Following the unsuccessful “save the library” challenge against Brent Council in 2011, comes another  High Court judgment in judicial review proceedings involving a Council’s decision to achieve spending cuts by reducing its library provision. This time it was Lincolnshire County Council (“the Council”) and this time a court has decided that a decision to dramatically reduce the number of funded libraries was flawed. 

Following a review of its library services the Council had found that 82% of its local population were not active book borrowers, and book stock issued in the county in the last 10 years had dropped from 5 million to under 3 million.  As a result the council proposed that 10 of its current 45 libraries should remain open for 50 hours a week and 5 for 25 hours a week.  Local communities would then be given the opportunity to take over the remaining libraries or create their own, with professional support from the council.

Consultation process

In the face of public opposition to the proposals, the Council agreed to publish a response to questions raised by the pressure group Save Lincolnshire Libraries (“SLL”) in relation to the consultation process.  In that response, the Council confirmed that a decision to reduce the Council’s library budget by £2million had already been agreed by the Council months before. Because of that, whether or not to change the library service was not an option, it was clear the Council had to save £2million - the question was ‘how’.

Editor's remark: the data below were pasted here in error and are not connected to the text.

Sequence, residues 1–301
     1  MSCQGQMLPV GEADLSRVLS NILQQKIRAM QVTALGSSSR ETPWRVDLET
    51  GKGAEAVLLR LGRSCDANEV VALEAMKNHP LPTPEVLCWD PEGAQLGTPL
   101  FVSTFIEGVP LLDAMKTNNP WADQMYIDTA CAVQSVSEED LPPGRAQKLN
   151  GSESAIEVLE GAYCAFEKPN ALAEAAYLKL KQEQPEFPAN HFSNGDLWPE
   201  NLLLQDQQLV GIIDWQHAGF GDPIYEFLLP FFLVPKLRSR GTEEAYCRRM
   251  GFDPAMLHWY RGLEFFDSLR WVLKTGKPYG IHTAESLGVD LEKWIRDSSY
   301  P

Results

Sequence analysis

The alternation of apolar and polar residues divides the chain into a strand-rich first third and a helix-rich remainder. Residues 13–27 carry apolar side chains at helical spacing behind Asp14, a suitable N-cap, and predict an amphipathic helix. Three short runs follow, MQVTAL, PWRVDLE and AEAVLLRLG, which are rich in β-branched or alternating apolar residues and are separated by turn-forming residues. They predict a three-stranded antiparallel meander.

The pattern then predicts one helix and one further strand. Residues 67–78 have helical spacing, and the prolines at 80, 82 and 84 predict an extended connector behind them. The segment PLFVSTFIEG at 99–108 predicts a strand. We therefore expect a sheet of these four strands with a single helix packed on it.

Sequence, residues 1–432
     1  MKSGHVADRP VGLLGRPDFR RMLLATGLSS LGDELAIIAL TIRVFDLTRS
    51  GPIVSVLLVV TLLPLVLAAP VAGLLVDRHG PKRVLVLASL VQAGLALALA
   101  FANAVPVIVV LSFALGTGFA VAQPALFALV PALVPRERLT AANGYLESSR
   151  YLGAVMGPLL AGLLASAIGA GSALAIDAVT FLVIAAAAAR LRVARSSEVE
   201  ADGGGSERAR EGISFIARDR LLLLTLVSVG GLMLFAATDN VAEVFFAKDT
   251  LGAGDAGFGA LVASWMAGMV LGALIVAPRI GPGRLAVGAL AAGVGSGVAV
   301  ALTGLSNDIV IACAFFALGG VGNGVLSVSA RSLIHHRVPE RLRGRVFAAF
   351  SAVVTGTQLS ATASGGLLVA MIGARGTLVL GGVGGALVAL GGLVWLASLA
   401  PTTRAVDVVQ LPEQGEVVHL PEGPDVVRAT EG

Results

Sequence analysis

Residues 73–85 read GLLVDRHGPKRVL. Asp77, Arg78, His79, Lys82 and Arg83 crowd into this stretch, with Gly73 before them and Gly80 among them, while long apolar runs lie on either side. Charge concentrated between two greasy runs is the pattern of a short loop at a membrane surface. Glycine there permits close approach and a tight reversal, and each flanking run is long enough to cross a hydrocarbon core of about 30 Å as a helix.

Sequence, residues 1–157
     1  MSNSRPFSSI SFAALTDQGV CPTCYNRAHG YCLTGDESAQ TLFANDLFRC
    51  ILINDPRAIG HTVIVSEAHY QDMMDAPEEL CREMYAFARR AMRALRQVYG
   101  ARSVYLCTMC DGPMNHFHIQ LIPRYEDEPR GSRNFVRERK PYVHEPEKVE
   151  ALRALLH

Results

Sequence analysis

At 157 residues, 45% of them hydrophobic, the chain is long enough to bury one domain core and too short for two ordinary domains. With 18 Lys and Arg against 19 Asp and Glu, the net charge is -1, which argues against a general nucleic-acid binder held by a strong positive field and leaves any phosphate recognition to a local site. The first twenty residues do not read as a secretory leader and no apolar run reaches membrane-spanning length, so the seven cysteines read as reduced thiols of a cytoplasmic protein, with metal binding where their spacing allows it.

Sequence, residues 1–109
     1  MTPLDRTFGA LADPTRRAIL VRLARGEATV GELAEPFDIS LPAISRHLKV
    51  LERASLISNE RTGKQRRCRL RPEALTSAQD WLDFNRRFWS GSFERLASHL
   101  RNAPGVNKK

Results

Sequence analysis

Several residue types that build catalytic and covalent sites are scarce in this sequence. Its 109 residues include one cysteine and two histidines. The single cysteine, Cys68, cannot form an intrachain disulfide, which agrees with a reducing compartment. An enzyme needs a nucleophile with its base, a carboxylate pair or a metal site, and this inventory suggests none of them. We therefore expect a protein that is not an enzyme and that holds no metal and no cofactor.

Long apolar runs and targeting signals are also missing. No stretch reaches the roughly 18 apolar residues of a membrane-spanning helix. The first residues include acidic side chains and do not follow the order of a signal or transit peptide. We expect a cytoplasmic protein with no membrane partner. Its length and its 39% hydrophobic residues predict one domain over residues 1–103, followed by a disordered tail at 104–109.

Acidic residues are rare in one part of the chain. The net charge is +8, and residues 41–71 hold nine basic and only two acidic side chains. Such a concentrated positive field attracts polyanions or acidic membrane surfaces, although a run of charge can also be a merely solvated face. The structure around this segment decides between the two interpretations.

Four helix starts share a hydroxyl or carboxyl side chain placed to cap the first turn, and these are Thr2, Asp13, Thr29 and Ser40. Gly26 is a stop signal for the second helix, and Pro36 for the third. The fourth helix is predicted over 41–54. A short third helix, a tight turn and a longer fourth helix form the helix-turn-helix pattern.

Grounds of challenge

One local resident together with the support of the SLL challenged the proposed cuts on four specific grounds: (1) that the 13 week consultation was unlawful due to the fact that a pre-determined decision had already been made.  (2)It was also argued that the Council failed to ensure that groups with protected characteristics (as defined by the Equality Act, for example those with a disability) were not disproportionately affected by the proposal.  (3) There was also concern that the Council had failed to properly consider a bid from the not-for-profit Greenwich Leisure Limited to run the library service; and (4) that if the cuts went ahead, the Council wouldn’t provide a comprehensive and efficient library service – something it has a statutory duty to do. 

Mr Justice Collins of the High Court found no evidence that the Council hadn’t complied with its statutory obligations including the obligations imposed by the Equality Act.  However, the Court ruled that the Council’s decision making process was flawed, as the consultation process itself was flawed and the Council erred by not taking into account fully Greenwich Leisure Limited’s (“Greenwich”) proposal.  This proposal was considered relevant as Greenwich was already running library services for two London boroughs, Greenwich and Woolwich.

Council response

The Council has publicly expressed its disappointment at the Court’s ruling but accepted that, as a result of the Court’s decision the Council would now need to undertake further consultation and re-examine the Greenwich proposal.  It has expressed  concern that the Greenwich proposal could mean that the Council might have to run aprocurement process to determine which organisation library services would be outsourced, and this would not preclude a commercial organisation being selected.  This presumably was not an intended consequence of the consultation process.

This judgement reinforces the principle that the Court will not hesitate to intervene if it considers that a public consultation process is flawed or that relevant information has not been considered properly, prior to a final decision being made.  It is worth highlighting, that if the Council correct the flaws of its earlier consultation process and demonstrates that it has taken the Greenwich proposal into account, it would be entitled to make the same decision as before.  However, in light of public opposition, the Council may consider that an alternative proposal may be more successful.